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Rep. Doolittle Aided Abramoff Clients, Received Campaign Cash

A California congressman who accepted campaign cash from disgraced ex-lobbyist Jack Abramoff and used his sports box for a fundraiser interceded on behalf of two American Indian tribes that were represented by Abramoff's firm, documents show.

GOP Rep. John Doolittle wrote Interior Secretary Gale Norton in June 2003 criticizing the Bush administration's response to a tribal government dispute involving the Sac & Fox Tribe of the Mississippi in Iowa. In October 2003, Doolittle appealed in a letter to the secretary for quicker action for a Massachusetts tribe, the Mashpee Wampanoag, that was seeking federal recognition.

Both tribes signed on with Abramoff's lobbying firm, Greenberg Traurig, that year. Sac & Fox hired the firm in May, the Wampanoags in November. Neither tribe appears tied to Doolittle's rural Northern California district, and Doolittle is not on the House committee that handles Indian issues.

The letters were obtained by The Associated Press under a Freedom of Information Act request.

Doolittle's spokeswoman did not immediately respond to requests for comment.

In a radio interview a week ago, Doolittle said he did nothing wrong in his relations with Abramoff. He described Abramoff as a friend who rarely lobbied the lawmaker.

Doolittle also disputed reports by the AP and other news organizations that his ties to Abramoff have caught the attention of federal investigators. Abramoff pleaded guilty this month to corruption charges and agreed to tell the FBI about bribes to lawmakers and their aides.

"Come investigate me, come contact me, because I know what the truth is and I'll come out with a clean record," Doolittle said.

The letters are the latest example of connections between Abramoff's interests and Doolittle, a conservative ally of former House Majority Leader Tom DeLay, R-Texas, and a member of the House GOP leadership.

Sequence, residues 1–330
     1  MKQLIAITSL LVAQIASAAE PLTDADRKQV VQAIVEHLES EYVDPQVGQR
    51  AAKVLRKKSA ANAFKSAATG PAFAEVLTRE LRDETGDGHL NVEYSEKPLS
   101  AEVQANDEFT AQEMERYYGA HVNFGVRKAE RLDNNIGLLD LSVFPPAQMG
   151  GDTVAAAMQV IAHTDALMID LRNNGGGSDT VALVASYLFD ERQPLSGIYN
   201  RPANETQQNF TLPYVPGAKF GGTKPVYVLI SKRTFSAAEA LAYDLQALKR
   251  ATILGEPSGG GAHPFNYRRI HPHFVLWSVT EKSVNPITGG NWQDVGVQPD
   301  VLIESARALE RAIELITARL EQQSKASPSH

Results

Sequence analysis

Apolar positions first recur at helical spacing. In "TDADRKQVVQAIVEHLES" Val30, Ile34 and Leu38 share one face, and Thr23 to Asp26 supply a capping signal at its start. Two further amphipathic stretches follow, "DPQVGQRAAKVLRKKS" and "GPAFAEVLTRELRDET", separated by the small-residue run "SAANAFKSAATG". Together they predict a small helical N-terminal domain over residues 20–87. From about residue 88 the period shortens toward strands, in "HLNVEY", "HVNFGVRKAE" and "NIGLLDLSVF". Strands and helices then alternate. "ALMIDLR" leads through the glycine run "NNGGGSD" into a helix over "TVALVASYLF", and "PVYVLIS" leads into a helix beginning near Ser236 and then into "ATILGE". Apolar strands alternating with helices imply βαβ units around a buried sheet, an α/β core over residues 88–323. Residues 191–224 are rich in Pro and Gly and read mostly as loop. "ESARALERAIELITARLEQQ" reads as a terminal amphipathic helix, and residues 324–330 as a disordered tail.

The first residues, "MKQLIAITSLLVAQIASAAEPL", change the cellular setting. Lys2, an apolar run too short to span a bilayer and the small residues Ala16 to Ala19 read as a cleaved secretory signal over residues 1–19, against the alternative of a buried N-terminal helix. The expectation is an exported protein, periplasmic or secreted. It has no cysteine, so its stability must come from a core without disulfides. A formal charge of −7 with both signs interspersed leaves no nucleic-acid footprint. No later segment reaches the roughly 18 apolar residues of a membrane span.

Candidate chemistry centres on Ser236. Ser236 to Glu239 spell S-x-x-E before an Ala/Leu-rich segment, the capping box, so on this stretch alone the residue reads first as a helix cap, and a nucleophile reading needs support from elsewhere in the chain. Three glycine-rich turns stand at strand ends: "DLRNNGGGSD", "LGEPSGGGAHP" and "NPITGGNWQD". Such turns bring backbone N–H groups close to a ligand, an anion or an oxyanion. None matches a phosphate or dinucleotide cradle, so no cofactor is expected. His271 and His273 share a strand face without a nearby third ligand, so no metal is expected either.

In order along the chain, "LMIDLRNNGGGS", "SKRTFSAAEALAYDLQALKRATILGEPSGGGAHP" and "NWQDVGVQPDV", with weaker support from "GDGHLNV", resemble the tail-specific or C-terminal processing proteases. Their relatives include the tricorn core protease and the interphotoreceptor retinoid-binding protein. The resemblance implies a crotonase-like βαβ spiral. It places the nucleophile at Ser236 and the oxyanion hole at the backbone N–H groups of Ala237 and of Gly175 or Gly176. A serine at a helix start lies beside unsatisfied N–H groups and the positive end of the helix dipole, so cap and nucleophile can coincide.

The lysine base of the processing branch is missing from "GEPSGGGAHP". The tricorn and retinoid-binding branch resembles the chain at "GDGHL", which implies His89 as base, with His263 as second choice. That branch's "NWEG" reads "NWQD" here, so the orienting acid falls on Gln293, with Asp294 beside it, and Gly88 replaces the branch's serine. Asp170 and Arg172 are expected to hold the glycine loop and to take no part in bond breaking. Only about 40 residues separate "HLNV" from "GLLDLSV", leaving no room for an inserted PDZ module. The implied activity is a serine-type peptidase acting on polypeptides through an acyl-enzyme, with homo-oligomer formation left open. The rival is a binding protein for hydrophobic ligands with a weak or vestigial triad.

Doolittle accepted at least $14,000 in campaign money from Abramoff from 1999 to 2001, records show, and initially failed to report a 1999 fundraiser in Abramoff's sky box, as required.

He took tens of thousands of dollars more from Abramoff's tribal clients, including $5,000 in 2004 from the Sac & Fox tribe, also known as the Meskwaki.

Doolittle's wife did fundraising work for Abramoff, and a former Doolittle aide later went to work as a lobbyist for Greenberg Traurig.

Doolittle was among more than two dozen lawmakers who signed a February 2002 letter to Norton urging her to reject an Indian casino in Louisiana opposed by Abramoff's tribal clients. After that letter became public in November, Doolittle's spokeswoman, Laura Blackann, said he signed it only because of his "longheld anti-gaming position."

In his letter to Norton about the Sac & Fox Tribe, Doolittle complained that the tribe's casino was wrongly shut down because the Bureau of Indian Affairs refused to recognize a newly elected tribal council. The new council hired Abramoff's firm after the elections.

"I fear that the Bureau of Indian Affairs (BIA) has ignored precedent during the course of the tribe's governance dispute and its failure to lead has resulted in significant economic damage to the tribe and surrounding region," Doolittle wrote.

Ultimately BIA oversaw new elections and certified victory by the Abramoff-backed faction, and the casino reopened. The losing faction is now suing, suggesting BIA officials may have been influenced by Abramoff.

In the case of the Mashpee tribe, Doolittle wrote Norton, "It appears that they have been forced to wait too long to receive an answer to their petition for recognition."

The Mashpee tribe now appears on the verge of attaining recognition. The federal government has promised a preliminary decision by March on the tribe's long-standing application.